Modern Day Slavery
Women and children in the families of farmers who have committed suicide have become vulnerable to trafficking.

Scorching heat and barren lands mark the landscape of Kadiri, a town in Anantapur district in Andhra Pradesh. Much like Kadiri’s landscape, its people have been living a parched existence. The town has been struggling with drought for 18 years now; the main source of livelihood in Kadiri is farming and agriculture, and for a better of the last several decades, Anantapur has been struggling with an agrarian crisis. 

Kadiri’s largely rain-fed farming economy has come under severe pressure due to a combination of several factors including a lack of alternative livelihood options. Reeling under poverty, mounting debt and government apathy, farmers have been driven to extreme measures. In 2016, over 800 farmers committed suicide.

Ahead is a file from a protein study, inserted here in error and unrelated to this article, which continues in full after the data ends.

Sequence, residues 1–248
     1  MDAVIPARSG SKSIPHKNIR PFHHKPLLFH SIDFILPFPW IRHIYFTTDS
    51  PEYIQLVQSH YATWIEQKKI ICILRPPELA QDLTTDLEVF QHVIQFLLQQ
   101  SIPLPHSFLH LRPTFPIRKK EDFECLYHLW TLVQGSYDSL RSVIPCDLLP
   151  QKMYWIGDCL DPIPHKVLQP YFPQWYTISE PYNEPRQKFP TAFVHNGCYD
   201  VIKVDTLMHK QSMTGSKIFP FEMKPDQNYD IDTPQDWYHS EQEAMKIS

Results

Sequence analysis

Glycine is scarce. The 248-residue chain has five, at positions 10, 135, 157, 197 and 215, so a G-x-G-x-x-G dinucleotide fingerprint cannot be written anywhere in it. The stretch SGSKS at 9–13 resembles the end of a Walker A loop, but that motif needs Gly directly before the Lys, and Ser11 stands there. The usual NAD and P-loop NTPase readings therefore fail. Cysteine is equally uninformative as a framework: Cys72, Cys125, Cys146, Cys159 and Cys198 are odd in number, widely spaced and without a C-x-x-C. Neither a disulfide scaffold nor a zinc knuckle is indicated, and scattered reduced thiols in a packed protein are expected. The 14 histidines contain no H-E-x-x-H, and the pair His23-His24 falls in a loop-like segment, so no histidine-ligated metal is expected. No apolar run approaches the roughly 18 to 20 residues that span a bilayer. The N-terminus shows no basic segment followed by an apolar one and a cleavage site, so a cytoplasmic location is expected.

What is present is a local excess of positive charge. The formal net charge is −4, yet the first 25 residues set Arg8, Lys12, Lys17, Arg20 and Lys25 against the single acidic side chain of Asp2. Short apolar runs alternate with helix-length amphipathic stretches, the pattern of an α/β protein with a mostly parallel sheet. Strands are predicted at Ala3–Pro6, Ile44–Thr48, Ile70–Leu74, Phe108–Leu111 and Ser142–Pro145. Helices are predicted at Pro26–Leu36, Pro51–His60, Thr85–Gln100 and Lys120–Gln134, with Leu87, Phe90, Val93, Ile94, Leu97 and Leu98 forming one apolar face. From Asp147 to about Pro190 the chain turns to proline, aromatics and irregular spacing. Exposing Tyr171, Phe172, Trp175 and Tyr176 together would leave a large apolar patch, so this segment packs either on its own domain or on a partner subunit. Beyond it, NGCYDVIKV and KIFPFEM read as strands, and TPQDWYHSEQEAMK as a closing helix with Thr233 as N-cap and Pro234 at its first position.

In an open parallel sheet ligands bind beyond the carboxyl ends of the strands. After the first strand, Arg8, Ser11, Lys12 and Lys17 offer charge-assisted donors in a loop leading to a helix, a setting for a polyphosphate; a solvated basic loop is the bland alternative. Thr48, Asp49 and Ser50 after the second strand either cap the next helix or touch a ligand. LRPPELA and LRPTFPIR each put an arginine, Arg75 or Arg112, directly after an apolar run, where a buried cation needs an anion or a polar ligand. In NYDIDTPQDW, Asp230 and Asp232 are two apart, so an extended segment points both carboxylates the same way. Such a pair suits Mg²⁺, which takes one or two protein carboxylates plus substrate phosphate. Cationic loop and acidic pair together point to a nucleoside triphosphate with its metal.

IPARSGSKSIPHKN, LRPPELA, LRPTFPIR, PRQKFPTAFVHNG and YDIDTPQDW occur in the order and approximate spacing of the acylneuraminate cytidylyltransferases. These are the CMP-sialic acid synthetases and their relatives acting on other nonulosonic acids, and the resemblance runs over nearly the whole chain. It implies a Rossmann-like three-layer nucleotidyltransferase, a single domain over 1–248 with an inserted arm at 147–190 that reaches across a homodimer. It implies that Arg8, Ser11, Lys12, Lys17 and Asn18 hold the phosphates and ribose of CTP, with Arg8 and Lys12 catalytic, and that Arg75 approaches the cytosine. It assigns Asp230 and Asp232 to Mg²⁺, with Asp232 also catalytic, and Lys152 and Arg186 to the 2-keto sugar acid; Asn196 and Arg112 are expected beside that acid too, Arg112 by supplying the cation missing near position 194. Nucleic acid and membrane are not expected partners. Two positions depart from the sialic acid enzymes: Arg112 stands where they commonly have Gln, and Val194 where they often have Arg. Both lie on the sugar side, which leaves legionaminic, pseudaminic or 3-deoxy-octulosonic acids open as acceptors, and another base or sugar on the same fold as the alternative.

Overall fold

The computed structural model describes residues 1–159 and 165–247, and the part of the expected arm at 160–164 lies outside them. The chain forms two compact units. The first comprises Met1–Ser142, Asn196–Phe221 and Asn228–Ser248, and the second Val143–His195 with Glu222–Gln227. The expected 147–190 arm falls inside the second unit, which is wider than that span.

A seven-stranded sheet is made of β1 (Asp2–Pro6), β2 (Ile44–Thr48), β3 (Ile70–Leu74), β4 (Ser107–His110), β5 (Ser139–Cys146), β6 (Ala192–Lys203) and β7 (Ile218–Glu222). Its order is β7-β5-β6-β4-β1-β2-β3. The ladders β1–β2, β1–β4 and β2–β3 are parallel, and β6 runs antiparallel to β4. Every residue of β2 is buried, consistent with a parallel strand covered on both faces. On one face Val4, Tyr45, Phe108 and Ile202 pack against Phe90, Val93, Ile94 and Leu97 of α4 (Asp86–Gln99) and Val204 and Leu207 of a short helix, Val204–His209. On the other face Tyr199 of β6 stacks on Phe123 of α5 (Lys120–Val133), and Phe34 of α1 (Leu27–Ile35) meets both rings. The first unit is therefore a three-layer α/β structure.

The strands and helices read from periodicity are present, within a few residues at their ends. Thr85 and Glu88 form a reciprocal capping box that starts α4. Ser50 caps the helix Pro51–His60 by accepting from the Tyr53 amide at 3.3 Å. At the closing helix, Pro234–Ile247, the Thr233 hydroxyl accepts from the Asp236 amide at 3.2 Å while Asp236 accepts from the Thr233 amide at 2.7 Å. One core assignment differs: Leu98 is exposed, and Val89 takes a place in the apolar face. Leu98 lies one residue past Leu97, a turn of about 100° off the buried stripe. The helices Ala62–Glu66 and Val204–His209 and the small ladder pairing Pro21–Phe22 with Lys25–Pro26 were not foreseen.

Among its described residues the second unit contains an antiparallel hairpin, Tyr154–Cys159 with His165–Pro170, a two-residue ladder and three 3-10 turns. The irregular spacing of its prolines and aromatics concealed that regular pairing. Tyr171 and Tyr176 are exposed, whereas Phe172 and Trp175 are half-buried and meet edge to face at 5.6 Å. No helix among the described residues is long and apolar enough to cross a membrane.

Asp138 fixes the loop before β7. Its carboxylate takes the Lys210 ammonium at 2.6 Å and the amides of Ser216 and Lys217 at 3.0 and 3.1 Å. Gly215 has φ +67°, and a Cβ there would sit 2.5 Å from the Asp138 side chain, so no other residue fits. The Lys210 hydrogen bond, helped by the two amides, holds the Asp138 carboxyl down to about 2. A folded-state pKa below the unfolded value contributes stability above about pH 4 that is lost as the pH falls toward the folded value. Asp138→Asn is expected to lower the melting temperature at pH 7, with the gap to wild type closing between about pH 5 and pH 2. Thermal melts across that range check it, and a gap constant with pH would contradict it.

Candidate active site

And women and children in the families of those who have committed suicide have become vulnerable to trafficking. 

The Rural and Environment Development Society (REDS) a 22-year-old NGO working on rural development, sustainable agriculture, child rights and anti-trafficking in Anantapur, found that the problem has become prevalent across the Anantapur-Kadapa-Chittoor belt, which are among those severely affected by the agrarian crisis. Local brokers of flesh trade and traffickers prey on women and young persons who are looking for alternative ways to support their families. Including the people they rescued and those who were able to return, the NGO says that in between 2005 and 2011, there were 1240 cases of trafficking from 10 mandals in this belt. Many who are trafficked and forced into sex work are young children.

Watch the video here:

 
Sex traffickers are exploiting women reeling from the agrarian crisis in Andhra's Kadiri

Many women and youngsters in Kadiri, in Anantapur district, have horrific stories of farmer suicides and sex traffickers.

Posted by TheNewsMinute on Friday, June 1, 2018